Samsung has been one of the leaders in the development of folding screen technology. Starting with its Project YOUM prototype, the company introduced the first folded screen smartphone in the Galaxy S6 Edge. Next month, Samsung is expected to extend its technology with a concept for a fully folding handset.
However, the company may be pushing its bendy screen technology to larger devices, including a laptop.
“Like foldable smartphones, Samsung is collaborating with display makers to develop laptops with foldable displays that will not just simply fold in and out but create new value and user experience, amid the changing market trends for laptops,” said Lee Min-cheol, vice president at marketing for PCs at Samsung, during a laptop event in South Korea this week.
It is worth noting Samsung's take on folding screen is different to Microsoft's Surface Phone. Redmond's oft-rumored game-changing smartphone is a folding device that is in two parts. Samsung has been exploring bending screen technology.
If applied to a laptop, such a tech could transform the form factor. 2-in-1 devices move through acrobatic swivels and tilts to move from tablet to laptop mode, a folding screen could possibly allow for new designs.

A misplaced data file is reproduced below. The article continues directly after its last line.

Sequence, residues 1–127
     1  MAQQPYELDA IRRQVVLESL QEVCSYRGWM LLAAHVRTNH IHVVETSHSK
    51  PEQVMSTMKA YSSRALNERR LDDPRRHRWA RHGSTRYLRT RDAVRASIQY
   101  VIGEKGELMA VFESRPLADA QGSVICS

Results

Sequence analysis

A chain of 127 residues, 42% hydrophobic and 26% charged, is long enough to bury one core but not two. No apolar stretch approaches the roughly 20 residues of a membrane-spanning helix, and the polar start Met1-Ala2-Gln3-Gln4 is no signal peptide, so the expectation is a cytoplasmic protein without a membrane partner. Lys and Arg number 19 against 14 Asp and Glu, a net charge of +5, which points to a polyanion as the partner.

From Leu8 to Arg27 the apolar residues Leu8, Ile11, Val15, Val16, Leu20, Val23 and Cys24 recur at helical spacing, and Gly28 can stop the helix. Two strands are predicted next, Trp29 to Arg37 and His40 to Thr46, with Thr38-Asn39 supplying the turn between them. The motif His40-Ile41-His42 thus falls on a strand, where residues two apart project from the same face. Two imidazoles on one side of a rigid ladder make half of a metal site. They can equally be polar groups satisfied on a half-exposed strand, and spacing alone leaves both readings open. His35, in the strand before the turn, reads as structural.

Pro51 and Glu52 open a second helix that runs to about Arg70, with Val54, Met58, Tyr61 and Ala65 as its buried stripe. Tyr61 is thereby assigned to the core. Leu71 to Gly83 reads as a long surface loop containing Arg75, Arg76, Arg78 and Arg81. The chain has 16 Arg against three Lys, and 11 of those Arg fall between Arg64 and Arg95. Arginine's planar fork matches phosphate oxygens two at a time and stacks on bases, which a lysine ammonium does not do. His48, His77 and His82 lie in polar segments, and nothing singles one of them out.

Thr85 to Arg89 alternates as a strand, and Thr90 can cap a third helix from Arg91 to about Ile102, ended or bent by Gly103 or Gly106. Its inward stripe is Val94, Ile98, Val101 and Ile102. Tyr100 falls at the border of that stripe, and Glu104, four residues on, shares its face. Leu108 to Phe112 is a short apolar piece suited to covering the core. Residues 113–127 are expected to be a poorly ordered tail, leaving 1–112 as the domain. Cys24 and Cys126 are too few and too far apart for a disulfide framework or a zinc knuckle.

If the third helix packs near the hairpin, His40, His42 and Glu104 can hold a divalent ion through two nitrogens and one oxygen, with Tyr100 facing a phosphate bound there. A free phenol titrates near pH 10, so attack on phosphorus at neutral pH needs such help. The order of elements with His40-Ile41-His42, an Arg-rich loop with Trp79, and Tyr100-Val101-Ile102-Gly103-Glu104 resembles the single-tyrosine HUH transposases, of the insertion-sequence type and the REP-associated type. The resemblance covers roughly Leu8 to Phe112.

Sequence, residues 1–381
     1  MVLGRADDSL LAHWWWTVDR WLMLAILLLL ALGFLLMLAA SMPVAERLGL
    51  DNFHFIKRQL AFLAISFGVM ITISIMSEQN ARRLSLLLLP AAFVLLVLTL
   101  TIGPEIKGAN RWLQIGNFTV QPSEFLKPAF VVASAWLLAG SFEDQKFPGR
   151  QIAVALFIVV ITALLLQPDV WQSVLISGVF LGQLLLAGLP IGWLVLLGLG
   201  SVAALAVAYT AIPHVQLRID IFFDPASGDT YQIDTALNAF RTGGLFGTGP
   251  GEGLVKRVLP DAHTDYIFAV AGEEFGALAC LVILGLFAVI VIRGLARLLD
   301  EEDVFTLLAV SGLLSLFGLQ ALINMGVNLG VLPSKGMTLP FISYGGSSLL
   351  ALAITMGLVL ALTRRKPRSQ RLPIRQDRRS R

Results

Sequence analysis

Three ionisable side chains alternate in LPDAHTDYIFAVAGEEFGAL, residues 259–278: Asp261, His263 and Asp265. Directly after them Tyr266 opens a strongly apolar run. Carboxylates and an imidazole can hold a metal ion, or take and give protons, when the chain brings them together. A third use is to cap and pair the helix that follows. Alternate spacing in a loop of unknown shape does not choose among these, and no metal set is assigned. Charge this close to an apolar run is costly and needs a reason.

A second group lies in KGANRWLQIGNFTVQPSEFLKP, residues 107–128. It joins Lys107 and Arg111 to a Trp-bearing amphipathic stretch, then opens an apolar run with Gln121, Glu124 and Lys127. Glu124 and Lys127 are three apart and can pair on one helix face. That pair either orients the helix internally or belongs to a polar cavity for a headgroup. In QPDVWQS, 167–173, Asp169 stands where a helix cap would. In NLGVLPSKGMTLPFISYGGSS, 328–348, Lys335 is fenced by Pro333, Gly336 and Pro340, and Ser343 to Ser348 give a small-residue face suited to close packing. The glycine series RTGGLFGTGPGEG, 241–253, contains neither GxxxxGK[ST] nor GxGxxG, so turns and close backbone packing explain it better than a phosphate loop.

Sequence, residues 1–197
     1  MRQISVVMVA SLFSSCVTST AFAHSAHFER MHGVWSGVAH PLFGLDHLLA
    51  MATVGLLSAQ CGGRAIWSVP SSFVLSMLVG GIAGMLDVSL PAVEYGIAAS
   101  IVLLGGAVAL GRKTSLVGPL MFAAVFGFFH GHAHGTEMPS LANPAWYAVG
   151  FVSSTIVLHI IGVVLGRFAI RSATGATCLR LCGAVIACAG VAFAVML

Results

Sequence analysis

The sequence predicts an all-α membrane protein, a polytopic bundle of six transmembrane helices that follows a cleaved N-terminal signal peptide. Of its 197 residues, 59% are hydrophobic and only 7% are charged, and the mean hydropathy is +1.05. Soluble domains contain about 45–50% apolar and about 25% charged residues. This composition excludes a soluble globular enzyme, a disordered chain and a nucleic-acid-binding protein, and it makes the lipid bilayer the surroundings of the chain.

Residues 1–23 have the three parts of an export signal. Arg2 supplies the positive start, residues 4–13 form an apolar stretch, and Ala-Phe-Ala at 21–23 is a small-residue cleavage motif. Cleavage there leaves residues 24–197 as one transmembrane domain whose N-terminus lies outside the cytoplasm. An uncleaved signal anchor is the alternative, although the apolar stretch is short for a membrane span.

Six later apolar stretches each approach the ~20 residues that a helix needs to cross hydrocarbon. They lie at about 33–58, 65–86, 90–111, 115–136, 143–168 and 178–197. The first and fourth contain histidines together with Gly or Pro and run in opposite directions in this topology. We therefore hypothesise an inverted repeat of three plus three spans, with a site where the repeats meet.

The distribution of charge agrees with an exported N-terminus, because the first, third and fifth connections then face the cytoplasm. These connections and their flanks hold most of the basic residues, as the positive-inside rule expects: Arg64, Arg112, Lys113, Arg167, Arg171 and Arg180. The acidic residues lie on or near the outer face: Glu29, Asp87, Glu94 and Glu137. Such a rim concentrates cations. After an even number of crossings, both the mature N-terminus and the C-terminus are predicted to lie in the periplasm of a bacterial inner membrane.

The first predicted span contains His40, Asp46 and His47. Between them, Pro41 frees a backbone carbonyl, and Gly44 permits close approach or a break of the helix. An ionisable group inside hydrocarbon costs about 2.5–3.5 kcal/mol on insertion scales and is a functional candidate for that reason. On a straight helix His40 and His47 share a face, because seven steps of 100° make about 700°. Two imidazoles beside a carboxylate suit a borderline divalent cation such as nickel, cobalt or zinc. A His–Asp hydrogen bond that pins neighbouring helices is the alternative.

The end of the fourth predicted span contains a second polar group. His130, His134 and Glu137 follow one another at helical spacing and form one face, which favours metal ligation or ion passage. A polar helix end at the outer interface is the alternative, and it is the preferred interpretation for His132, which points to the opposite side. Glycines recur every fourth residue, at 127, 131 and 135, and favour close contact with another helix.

While Samsung has a few Windows 10 devices on the market, it seems it will work with other OEMs for its display tech.
Earlier this year, we reported on Samsung's breakthrough in display technology. The company created a flexible display that does not break easily. The technology could be the forefront of new smartphones where users won't have to worry about shattering the screen.
The innovative technology was created by Samsung Display. Engineers created the glass by developing “an unbreakable substrate and an overlay window securely adhered to it”. Hojung Kim, general manager of the Communication Team for the division says this revolutionizes screen technology:
“The fortified plastic window is especially suitable for portable electronic devices not only because of its unbreakable characteristics, but also because of its lightweight, transmissivity and hardness, which are all very similar to glass”